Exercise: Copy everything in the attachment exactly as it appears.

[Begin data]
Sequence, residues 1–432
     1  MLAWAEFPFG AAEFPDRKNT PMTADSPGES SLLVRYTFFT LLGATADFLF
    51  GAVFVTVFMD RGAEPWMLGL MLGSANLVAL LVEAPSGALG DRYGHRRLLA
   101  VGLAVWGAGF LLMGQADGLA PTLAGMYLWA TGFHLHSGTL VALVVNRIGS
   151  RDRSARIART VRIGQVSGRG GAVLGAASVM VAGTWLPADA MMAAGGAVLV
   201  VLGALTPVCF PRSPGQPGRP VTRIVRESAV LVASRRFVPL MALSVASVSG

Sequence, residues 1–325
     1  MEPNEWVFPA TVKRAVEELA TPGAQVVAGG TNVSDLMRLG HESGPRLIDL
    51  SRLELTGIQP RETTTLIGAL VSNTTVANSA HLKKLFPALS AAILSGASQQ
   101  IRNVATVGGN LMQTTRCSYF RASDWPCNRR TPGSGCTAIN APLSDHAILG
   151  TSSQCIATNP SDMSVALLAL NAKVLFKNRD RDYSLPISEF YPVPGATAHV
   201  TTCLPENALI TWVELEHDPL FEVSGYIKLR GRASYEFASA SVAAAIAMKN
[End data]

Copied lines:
Sequence, residues 1–432
     1  MLAWAEFPFG AAEFPDRKNT PMTADSPGES SLLVRYTFFT LLGATADFLF
    51  GAVFVTVFMD RGAEPWMLGL MLGSANLVAL LVEAPSGALG DRYGHRRLLA
   101  VGLAVWGAGF LLMGQADGLA PTLAGMYLWA TGFHLHSGTL VALVVNRIGS
   151  RDRSARIART VRIGQVSGRG GAVLGAASVM VAGTWLPADA MMAAGGAVLV
   201  VLGALTPVCF PRSPGQPGRP VTRIVRESAV LVASRRFVPL MALSVASVSG

Sequence, residues 1–325
     1  MEPNEWVFPA TVKRAVEELA TPGAQVVAGG TNVSDLMRLG HESGPRLIDL
    51  SRLELTGIQP RETTTLIGAL VSNTTVANSA HLKKLFPALS AAILSGASQQ
   101  IRNVATVGGN LMQTTRCSYF RASDWPCNRR TPGSGCTAIN APLSDHAILG
   151  TSSQCIATNP SDMSVALLAL NAKVLFKNRD RDYSLPISEF YPVPGATAHV
   201  TTCLPENALI TWVELEHDPL FEVSGYIKLR GRASYEFASA SVAAAIAMKN